Starting with a short story of how she moved to Zambia in 1988, Jo Pope starting out working on a safari camp which was owned by a man who turned out to be her future husband, Robin Pope. The safari camp was one of the biggest inbound tours in Zambia and she helped manage it for over 22 years.
Speaking on being an entrepreneur, she denied being one, stating that she didn’t always want to end up with the career paths she’s been through. She’s been stumbling over herself and found herself in many jobs, from managing a safari company to aviation to media to being on the boards of over 8 companies.
What she’s learnt over the years
Having depended on common sense, which she said with a playful laugh has in abundance, Jo admitted she only started reading business management books about 5 years ago, even if her businesses had done well before she started reading about managing them.
She urged the Startup crowd to always decide firstly if they want their business to be run by a sole player or if they need a team, and if decided on hiring a team, to choose one with key people who know their roles well.
She also stressed the importance of networking and getting as many contacts as possible, never burning bridges with anyone because it’s a small world and we never know when we might need someone we brushed off.
Initially having being forced to take the role of overall director in Zambia for the airline Airlink after the Managing Director bailed and left the company and its financial woes, she admitted she did not know how to properly manage the airline and things went downhill from that moment. The company ended up in debt and had to be sold off.
The problem was that the top line of the business line was being taken care of while the bottom line was unattended to. Every company should know that the bottom line feeds the top.
About Mojo New Media
In 2014, Jo joined Mojo which had been founded by John Mwanza (shown below) as Director and it has now grown to a small, close knit work family that plays and works together.
She encouraged business owners in a creative environment not to hire the same type of people, they should all have something special and be an asset to the team. Aside from the internal affairs, she said everyone should make friends with their competition, even though currently that’s not a thing in Zambia yet.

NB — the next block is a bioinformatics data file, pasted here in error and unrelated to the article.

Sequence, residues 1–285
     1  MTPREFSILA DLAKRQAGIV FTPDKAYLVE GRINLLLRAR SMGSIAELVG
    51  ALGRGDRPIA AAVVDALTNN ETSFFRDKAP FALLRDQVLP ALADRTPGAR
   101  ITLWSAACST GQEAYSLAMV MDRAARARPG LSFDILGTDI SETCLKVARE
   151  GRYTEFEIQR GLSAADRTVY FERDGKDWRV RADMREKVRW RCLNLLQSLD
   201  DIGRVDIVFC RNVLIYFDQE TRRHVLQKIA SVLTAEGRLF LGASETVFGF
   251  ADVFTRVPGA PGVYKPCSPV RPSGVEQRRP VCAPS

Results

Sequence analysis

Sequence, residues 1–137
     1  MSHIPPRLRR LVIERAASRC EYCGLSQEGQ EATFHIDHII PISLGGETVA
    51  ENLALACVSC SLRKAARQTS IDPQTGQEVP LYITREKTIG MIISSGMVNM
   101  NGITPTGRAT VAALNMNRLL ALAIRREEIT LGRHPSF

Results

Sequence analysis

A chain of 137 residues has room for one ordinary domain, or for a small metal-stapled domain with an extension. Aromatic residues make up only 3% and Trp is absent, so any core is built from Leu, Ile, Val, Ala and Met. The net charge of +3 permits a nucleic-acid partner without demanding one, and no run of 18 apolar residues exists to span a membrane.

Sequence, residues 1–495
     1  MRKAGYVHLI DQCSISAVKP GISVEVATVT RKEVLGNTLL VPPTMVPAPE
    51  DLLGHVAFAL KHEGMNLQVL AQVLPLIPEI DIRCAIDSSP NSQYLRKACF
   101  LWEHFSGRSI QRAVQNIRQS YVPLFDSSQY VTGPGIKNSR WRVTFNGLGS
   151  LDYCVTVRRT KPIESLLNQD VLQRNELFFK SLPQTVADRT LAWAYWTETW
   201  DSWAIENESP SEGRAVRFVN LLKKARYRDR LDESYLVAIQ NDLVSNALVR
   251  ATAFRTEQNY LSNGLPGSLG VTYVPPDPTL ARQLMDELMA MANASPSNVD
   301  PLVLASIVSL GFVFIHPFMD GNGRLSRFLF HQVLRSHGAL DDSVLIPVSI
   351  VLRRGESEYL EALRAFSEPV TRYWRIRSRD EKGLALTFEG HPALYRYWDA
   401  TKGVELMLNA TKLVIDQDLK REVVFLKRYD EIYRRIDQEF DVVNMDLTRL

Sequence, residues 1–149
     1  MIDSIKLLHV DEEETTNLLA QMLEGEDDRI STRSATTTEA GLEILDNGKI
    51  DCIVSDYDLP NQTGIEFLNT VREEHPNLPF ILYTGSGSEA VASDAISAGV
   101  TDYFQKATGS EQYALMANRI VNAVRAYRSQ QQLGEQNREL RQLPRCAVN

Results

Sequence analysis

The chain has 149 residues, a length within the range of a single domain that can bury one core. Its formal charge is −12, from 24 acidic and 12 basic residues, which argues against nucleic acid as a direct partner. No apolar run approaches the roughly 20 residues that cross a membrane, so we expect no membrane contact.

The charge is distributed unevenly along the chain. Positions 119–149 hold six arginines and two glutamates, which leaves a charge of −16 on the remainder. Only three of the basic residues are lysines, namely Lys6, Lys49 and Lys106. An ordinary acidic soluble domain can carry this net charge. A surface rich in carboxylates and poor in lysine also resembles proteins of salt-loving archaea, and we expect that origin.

About 5 Year Plans
Jo told every startup owner to have a plan or end up flip-flopping around. The business climate in Zambia changes unexpectedly so entrepreneurs should be flexible, ready to adapt to any abrupt changes.
However, any decisions made today by any startup owner/entrepreneur will determine what action is taken later on, whether to take an alternative route or stick to the initial one, for the sake of the business.
Know Your Business
Most just start a business for the sake of owning one, without knowing what could make them special. Know what makes your business different from others and work on making that a core point that no one else can compete to. There will always be someone else offering the same product/service but it’s up to you to make it stand out.
Not money. For Jo what keeps her going is the need to see things done and to succeed. Even though she sits on the boards of about 8 companies, she doesn’t get a salary from most of them. They could make her money in the future but for now she just wants to see them work out.
Jo Pope then went on to answer the following questions from the crowd:
1. Did you hire friends?
Carefully. Don’t just hire friends and family because you can, make sure they can do the job.
2. How did you get the idea to sell the airline, and what did you consider first?
It took 2 years to make a final decision to put it up for sale. When the Managing Director left, the workload increased and eventually I got tired of it. We went for the first offer we got and now looking back I regret it because we could have gotten much better for it.”
3. How do you work in environment where intellectual property is not respected especially when you try to work on ideas with competitors?
As you network, observe your competition closely. Work with the ones you feel you can trust. Leave the others out. Always trust your gut.
As usual Startup Hour was very infromative and mind-opening. It always shows budding entrepreneurs that you don’t always start at the top, but rather work your way there. As seen from Jo Pope’s story, we learned that sometimes not having a plan about your career may lead you into very exciting opportunities, as long as you’re focused and work hard in each one.
Join as at the next Startup Hour. It’s every first Wednesday of the month at Protea Hotel by Arcades Shopping Mall. For more details contact founder Matthew Grollnek on Twitter here, or simply follow the Startup Junction on Twitter and Facebook, here and here respectively.